Titanotylopus is distinguished from other early large camelids by its large upper canines and other distinguishing dental characteristics, and absence of lacrimal vacuities in the skull. Unlike the smaller, contemporaneous Camelops, Titanotylopus had relatively broad second phalanges, suggesting that it had true padded "cameltoes," like modern camels.

The species Titanotylopus spatulus was characterized by broad, spatula-like incisors. It has been found at Grand View, Red Light, Hudspeth County, Texas, Donnelly Ranch, White Rock, Mullen II (Kansas), Sandahl Local Fauna (Nebraska) and Vallecito Creek, Colorado, 111 Ranch, Arizona in North America.
Titanotylopus possessed long and massive limbs, a comparatively small braincase, and a convex slope between the eyes. Its average height was 3.5 metres. Like modern camels, it possessed a hump for fat storage; evidence for this is provided by the long neural spines on its thoracic vertebrae.


Camelus moreli (Syrian camel)

It was 3 meters (9.8 feet) at the shoulder and 13 feet tall. The Syrian camel, Camelus moreli, is an extinct species of camel from Syria. It has been discovered in the Hummal area of the western Syrian desert. Found to have existed around 100,000 years ago, the camel was up to 3 metres (10 feet) tall at the shoulder, and 4 metres (13 feet) tall overall. The first of the fossils were discovered late in 2005, and several more were discovered about a year later. The new camelid was found together with Middle Paleolithic human remains.




1.Macrauchenia patachonica 2.Theosodon garretorum 3.Diadiaphorus caniadensis

This order, known only from South America and Antarctica,was common and varied in early faunas and persisted, in decreasing variety, into the Pleistocene. Early forms are near the condylarths, to such an extent that the litopterns might be considered merely as surviving and diversely specialized condylarths. They are suspected of being descended from South American condylarths, and therefore to have the same source as the latter. However, an opposing view has been that litopterns (together with other South-American ungulates) originated independently from other ungulates and thus are unrelated to condylarths. A proposed clade containing these groups is the Meridiungulata. Together with Neolicaphrium, Macrauchenia was among the youngest genera of litopterns, and these two appear to have been the only members of the group to survive the Great American Interchange; they became extinct at the end of the Pleistocene. Those that died out during this faunal exchange are presumed to have been driven to extinction at least in part by competition with invading North American ungulates.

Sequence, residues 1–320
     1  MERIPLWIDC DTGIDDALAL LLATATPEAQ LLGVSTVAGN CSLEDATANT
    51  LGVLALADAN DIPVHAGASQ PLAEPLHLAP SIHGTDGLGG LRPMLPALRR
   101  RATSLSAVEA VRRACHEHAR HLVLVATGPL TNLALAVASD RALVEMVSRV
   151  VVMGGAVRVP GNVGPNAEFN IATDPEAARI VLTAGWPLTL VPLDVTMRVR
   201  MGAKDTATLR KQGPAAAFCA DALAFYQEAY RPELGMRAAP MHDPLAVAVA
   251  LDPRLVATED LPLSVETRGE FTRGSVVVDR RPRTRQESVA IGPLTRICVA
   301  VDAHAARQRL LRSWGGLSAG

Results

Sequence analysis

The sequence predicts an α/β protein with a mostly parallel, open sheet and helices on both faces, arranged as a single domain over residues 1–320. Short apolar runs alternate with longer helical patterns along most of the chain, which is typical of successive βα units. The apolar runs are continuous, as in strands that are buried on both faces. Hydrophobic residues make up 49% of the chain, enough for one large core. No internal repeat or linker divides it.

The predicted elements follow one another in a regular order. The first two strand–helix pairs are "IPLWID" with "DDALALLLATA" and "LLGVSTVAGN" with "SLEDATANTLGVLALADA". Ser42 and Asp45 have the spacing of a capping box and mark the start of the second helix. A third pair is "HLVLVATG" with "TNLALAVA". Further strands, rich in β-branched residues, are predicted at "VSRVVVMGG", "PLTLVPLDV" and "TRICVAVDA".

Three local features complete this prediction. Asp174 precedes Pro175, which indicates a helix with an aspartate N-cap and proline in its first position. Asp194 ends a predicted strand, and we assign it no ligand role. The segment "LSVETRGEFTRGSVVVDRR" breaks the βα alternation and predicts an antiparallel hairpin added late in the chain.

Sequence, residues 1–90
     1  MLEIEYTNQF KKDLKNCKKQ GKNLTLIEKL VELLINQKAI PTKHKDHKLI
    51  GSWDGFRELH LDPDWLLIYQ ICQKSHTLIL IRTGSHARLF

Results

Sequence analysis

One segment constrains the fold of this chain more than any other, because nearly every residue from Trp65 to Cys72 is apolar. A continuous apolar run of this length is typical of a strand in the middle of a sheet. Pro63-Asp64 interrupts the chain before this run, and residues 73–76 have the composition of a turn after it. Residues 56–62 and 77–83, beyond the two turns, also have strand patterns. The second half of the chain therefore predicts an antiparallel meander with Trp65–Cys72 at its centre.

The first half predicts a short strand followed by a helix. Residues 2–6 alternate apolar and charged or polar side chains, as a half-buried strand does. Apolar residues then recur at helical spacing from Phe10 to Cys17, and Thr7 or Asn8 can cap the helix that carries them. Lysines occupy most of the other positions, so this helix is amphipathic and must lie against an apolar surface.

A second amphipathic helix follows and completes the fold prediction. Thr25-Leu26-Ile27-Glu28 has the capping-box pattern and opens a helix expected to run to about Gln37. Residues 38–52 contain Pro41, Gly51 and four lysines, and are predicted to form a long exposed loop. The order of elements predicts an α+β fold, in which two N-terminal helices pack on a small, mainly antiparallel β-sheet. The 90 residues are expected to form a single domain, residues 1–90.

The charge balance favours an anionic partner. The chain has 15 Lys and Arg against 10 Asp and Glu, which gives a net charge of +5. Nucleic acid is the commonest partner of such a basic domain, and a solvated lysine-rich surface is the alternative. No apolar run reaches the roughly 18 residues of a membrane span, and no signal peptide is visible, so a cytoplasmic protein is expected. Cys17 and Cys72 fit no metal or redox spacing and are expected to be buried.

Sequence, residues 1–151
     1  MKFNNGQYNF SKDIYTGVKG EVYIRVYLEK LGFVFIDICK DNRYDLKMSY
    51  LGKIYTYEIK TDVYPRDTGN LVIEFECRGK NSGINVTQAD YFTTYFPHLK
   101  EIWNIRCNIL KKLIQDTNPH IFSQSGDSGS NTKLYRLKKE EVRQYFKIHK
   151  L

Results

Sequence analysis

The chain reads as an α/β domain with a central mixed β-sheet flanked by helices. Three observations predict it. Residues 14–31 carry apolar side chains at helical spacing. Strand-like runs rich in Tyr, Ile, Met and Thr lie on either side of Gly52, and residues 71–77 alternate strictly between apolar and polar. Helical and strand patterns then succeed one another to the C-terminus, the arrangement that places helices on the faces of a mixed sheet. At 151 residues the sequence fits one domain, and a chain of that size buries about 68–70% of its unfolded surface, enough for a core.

The Litopterna, like the notoungulates and pyrotheres, are examples of ungulate mammals that arose relatively independently in "splendid isolation" on the island continent of South America. Like Australia, South America was isolated from all other continents following the breakup of Gondwana. During this period of isolation, unique mammals evolved to fill ecological niches similar to other mammals elsewhere. The Litopterna occupied ecological roles as browsers and grazers similar to horses and camels in Laurasia.
Sequencing of mitochondrial DNA recently extracted from an Macrauchenia patachonica fossil from a cave in southern Chile indicates that Litopterna is the sister group to Perissodactyla, making them true ungulates. The estimated divergence date is 66 million years ago.Analyses of collagen sequences obtained from Macrauchenia and the notoungulate Toxodon have led to the same conclusion, and add notoungulates to the sister group clade
.This contrasts with the results of some past morphological analyses which favoured them as afrotherians. It is consistent with some more recent morphological analyses which suggested they were basal euungulates. Panperissodactyla has been proposed as the name of an unranked clade to include perissodactyls and their extinct South American ungulate relatives.

Macrauchenia patachonica